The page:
Ministry of Health and Social Development
Tortola, British Virgin Islands
Telephone: 1(284)468-2272 or 2174
The “Test and Treat” mechanism which ensures better outcomes for the immune system in the prevention of HIV transmission as well as its progression to Acquired Immune Deficiency Syndrome (AIDS), has been initiated in the Virgin Islands.
“Test and Treat” is offered to all persons who are diagnosed with HIV, regardless of the CD4 levels. CD4 cells or T-cells are a type of white blood cells that play a major role in protecting the body from infection. Once a person is infected with HIV, the virus begins to attack and destroy the CD4 cells of the immune system. HIV uses the machinery of the CD4 cells to multiply and spread throughout the body.
National HIV/AIDS and Sexual Health Programme (NAP) Coordinator Mrs. Noelene Levons Clarke said that the Virgin Islands has been consistent in monitoring HIV clients’ CD4 and Viral Load levels at least twice per year and more often for persons who are not yet stabilised.
She said, “This monitoring mechanism also assists in the reporting of HIV cases identified in the Territory as there were three newly reported cases from January to June 2015. In total, the Virgin Islands has reported a total of 120 cases of HIV since the start of the epidemic in 1985.”
Mrs. Levon-Clarke stated that due to this monitoring mechanism, the Virgin Islands and Cuba are among the first set of Caribbean countries to request validation for the Elimination-of-Mother-to-Child-Transmission of HIV/AIDS and Congenital Syphilis from the World Health Organisation (WHO).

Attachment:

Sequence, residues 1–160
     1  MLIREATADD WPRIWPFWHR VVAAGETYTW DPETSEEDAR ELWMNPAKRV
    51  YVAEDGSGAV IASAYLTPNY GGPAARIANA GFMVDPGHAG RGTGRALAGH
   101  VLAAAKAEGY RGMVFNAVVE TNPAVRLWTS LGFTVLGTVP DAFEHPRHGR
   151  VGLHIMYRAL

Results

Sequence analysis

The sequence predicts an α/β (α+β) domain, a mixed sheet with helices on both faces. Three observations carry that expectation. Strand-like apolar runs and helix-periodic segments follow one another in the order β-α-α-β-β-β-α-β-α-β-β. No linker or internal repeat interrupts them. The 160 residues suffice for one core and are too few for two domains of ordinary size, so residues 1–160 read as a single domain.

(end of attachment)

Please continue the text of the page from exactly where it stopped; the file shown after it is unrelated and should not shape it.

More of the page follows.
She added, “The Virgin Islands qualifies for validation, given that we have only had one child being born with HIV over the past five years and so WHO officials will visit the Territory in October to evaluate the health services and provide validation for EMTCT [Elimination-of-Mother-to-Child-Transmission].”
The NAP Coordinator cautioned that persons who are most-at-risk for acquiring HIV/AIDS continue to be heterosexual males and females, homosexual males, young persons between 24 and 44 years of age and persons over 50 years of age. The average age of persons being diagnosed is 35 years of age. In 2013, it was noted that 30 percent of newly reported cases were over the age of 60 years.
For more information on HIV/AIDS testing and counseling services, telephone Mrs. Noelene Levons-Clarke at 468-4371 or send an email to email@example.com.
The National AIDS Programme in the Ministry of Health and Social Development functions as the HIV/AIDS focal point for the Virgin Islands and collaborates with local, regional and international agencies to mitigate the socio-economic impacts of HIV/AIDS.